Google dropped a tweet storm today to reveal its latest Pixel 6 and Pixel 6 Pro phone hardware, and after a few years of OK-but-not-amazing updates this latest offering looks like it could be a new benchmark for Android phones to aspire to.
On the surface, there's no getting past the 'camera bar' design that lifts the cameras off the surface of the phone. Undoubtedly this will split many on whether they like the concept or not – I think it's great! Making room for serious camera lens technology has been a big issue for smartphones and this design incorporates three lenses, with one on the Pro model including a 4x optical zoom.
In that group shot it's hard to tell which is the Pro and which is the straight 6, but this side by side gives the game away with a larger brow on the back of the Pro.
The cameras might not be the biggest deal here, though, with Google strangely using this Twitter thread to reveal its first original SoC for phones, named Tensor, a name it has used on its bigger scale work in Tensor Processing Unit technology for processing AI and ML.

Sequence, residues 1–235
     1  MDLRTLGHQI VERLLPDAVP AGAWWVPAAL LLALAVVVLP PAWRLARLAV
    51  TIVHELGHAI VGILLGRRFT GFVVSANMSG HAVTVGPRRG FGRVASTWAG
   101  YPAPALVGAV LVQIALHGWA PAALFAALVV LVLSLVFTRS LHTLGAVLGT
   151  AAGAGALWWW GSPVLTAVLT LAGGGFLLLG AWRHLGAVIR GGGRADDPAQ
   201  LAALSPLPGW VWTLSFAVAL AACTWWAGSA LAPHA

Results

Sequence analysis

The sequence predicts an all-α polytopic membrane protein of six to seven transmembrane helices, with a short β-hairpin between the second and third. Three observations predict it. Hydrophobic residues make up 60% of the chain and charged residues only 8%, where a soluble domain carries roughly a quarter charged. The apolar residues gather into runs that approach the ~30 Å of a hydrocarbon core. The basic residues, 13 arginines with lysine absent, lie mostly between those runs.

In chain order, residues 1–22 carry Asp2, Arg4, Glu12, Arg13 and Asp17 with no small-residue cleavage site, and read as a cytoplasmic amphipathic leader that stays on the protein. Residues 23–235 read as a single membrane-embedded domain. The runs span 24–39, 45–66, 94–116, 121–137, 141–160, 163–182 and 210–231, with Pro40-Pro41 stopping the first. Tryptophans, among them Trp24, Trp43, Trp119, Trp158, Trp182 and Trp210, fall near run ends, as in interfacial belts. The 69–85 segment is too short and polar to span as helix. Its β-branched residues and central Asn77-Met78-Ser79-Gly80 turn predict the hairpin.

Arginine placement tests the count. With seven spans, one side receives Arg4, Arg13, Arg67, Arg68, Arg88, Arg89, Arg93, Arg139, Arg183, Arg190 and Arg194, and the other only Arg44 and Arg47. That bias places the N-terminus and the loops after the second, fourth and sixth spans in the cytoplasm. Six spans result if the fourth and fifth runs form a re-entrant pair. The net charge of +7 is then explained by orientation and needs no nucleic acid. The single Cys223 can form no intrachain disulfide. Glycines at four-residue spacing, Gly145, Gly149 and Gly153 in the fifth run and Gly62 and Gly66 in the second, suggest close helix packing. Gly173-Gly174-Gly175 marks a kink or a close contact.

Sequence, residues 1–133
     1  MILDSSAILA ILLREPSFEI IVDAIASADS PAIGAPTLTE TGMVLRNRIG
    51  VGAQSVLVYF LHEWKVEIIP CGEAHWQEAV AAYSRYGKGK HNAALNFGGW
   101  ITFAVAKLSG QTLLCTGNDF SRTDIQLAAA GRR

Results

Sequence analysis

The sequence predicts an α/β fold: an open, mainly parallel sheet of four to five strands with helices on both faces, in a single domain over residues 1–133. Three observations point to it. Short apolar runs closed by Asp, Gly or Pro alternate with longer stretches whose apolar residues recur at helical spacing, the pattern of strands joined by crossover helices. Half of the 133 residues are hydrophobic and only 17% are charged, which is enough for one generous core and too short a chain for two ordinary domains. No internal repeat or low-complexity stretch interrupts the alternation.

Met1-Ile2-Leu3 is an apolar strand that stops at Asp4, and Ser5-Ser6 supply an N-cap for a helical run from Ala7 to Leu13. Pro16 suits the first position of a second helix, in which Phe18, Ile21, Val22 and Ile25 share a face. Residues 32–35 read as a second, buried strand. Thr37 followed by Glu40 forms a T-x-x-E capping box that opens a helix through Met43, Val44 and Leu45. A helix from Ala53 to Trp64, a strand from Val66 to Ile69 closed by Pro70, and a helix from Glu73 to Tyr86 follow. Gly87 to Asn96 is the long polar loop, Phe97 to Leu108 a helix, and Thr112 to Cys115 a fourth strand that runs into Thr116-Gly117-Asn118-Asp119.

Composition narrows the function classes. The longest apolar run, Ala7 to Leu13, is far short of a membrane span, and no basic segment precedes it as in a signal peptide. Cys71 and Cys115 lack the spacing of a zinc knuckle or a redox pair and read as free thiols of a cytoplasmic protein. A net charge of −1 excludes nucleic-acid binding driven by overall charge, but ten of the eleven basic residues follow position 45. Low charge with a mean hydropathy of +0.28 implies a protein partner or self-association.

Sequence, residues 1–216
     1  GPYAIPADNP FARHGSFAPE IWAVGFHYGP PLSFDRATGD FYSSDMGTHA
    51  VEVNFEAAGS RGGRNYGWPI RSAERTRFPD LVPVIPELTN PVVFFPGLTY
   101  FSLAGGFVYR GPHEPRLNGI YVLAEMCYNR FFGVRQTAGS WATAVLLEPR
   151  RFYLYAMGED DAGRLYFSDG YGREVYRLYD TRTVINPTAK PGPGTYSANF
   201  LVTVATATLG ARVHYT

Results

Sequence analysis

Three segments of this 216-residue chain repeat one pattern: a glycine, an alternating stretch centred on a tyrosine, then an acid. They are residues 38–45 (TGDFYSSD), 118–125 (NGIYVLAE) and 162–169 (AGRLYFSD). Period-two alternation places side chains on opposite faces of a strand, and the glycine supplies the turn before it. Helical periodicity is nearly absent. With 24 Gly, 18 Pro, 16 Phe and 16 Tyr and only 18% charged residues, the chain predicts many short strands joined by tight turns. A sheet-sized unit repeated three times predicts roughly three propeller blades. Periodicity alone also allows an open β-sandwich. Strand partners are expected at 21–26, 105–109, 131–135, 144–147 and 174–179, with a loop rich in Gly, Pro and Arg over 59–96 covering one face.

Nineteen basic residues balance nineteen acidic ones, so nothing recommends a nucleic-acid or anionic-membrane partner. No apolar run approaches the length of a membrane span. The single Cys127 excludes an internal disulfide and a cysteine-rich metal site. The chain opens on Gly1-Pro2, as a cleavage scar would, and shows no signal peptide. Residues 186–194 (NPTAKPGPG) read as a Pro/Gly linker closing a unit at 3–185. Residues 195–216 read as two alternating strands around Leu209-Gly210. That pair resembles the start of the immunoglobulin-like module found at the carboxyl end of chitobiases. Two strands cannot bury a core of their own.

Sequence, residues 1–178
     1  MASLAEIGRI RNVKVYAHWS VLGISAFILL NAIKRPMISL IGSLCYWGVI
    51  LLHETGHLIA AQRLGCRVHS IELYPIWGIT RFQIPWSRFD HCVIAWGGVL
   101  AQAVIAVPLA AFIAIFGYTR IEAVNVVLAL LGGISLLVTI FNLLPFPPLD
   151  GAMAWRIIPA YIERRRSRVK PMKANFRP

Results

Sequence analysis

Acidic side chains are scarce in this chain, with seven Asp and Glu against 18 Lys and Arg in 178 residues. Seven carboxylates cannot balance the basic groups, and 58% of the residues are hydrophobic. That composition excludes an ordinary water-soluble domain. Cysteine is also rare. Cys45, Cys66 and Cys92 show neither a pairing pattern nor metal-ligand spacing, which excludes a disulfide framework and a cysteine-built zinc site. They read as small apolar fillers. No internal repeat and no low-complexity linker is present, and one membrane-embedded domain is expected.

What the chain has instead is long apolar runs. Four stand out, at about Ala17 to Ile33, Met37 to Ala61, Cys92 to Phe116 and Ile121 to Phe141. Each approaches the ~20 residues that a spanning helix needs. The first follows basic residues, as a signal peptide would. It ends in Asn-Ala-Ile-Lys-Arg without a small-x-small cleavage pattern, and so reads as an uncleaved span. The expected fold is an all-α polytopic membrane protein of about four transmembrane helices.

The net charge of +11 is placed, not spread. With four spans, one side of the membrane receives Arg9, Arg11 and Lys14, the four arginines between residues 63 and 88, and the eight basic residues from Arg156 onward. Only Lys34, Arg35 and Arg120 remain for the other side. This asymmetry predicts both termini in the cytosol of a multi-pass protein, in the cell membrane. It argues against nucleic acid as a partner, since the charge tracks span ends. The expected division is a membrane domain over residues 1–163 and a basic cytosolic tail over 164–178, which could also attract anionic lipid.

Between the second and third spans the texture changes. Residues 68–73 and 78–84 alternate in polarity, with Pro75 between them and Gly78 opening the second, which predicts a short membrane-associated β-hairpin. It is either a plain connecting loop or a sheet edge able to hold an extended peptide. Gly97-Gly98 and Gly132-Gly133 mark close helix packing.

Google says the Tensor SoC has been four years in the making (and those Tensor data centre chips first appeared in 2017), and the chips will offer improved image processing and other AI/ML capabilities directly on the hardware instead of needing to rely on cloud processing as much. One claim is that this will enable new real-time translation features.
Google is the leader in machine learning tech on many fronts, so if this chip unlocks new potential for Android phones at the device level it's a big win for users and will see plenty of catch up required from competitors. Samsung is said to have been a partner on the chip making process... but that's the same with Apple, and those Cupertino designed chips left a lot of Android chips a long way behind in processing power, so it's exciting to see fresh designs land in the smartphone market.
Gizmodo has an interview with Rick Osterloh, Google chief of all things Pixel, for a deeper insight into the new chip and what the company believes it will do. Rick also has a blog post up on the Goog's official blog.
And just to finish everyone off, Sundar Pichai trolled the world by showing the Tensor chip next to a paperclip for scale, setting off a thousand questions on which size paperclip he'd used.
Set to land in the Spring local time, that means it's just a 1-3 months away. Who's keen?